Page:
A light mist greeted my arrival to Detroit Metropolitan Wayne County Airport and it continued as I made my way to the Lions' sparkling facility in nearby Allen Park. Would the Lions be practicing inside or outside, I wondered?
Second-year head coach Jim Schwartz had his team outside, in full pads for the first time this summer, and hitting and hollering in that unmistakable sound of NFL training camp. On this day -- a Tuesday -- the Lions worked out in front of team sponsors, Ford Field suite holders, and a coach from Wayne State. Dressed in green and yellow, the coach looked like a Packers' scout getting an early jump on an NFC North rival. I was told the coach was legit and not some infiltrator. Had he been from Green Bay, Schwartz might have locked him in a room with defensive end Kyle Vanden Bosch.
1. Matthew Stafford looks ready to take a big step in his second year in the NFL. Last summer, as a rookie, he split training camp repetitions with Daunte Culpepper and rode the usual highs and lows of a first-year pro. This summer, he is an undisputed starter, comfortable in his role as team leader. (Shaun Hill is his backup).
"Matt's in a completely different place this year," Schwartz said. "Last year, he was splitting reps, our top three receivers weren't practicing with him [due to injury], he was trying to earn a starting position, he was trying to learn the offense, he was going through his very first NFL training camp, and all of the things that go with that. Now, he's been through it. We've cleared his plate. Now, he's concentrating on football and not looking over his shoulder."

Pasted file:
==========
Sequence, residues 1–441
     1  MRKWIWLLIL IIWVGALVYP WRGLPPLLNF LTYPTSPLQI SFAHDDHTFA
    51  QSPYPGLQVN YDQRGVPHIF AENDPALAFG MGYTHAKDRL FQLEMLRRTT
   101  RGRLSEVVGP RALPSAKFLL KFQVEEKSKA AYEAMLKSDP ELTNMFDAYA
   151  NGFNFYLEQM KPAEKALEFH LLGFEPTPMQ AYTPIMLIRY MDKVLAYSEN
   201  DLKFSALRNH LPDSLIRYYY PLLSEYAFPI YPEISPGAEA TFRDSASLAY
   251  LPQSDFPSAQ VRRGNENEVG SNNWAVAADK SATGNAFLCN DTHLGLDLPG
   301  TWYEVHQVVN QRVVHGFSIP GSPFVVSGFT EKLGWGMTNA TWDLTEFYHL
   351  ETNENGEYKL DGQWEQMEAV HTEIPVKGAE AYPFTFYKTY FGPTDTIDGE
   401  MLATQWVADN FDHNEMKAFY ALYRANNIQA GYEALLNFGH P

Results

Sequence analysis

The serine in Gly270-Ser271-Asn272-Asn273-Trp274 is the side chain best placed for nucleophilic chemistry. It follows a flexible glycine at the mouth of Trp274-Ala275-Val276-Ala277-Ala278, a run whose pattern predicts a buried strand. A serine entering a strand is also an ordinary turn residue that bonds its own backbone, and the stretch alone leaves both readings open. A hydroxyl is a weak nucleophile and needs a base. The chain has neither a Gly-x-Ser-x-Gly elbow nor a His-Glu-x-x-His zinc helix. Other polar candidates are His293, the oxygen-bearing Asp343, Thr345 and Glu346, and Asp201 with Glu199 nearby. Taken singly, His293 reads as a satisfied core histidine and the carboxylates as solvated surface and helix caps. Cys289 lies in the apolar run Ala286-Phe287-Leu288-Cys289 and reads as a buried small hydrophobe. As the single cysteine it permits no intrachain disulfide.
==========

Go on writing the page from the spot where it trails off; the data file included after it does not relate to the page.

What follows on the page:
Stafford and top receiver Calvin Johnson have been working long hours since March, running extra routes and occasionally spending time together away from the facility.
"We haven't played any games yet, but not having to come in and learn a new offense and new teammates has given us a step forward," Stafford said. "[In] your first training camp, you don't know where to go, where to be."
Stafford knows now. And the Lions' offense will be better for it.
2. The Lions are building an aggressive front four that, if successful, will take pressure off the rest of the defense. That's precisely why the Lions drafted Ndamukong Suh, signed Vanden Bosch, and traded for defensive tackle Corey Williams.
One of the more interesting conversations I've ever had with a coach was with Schwartz two years ago while he was the Tennessee Titans defensive coordinator. At the time Schwartz explained how his defense, including Vanden Bosch, would try and funnel the action toward the middle of the defense and, specifically, toward Albert Haynesworth.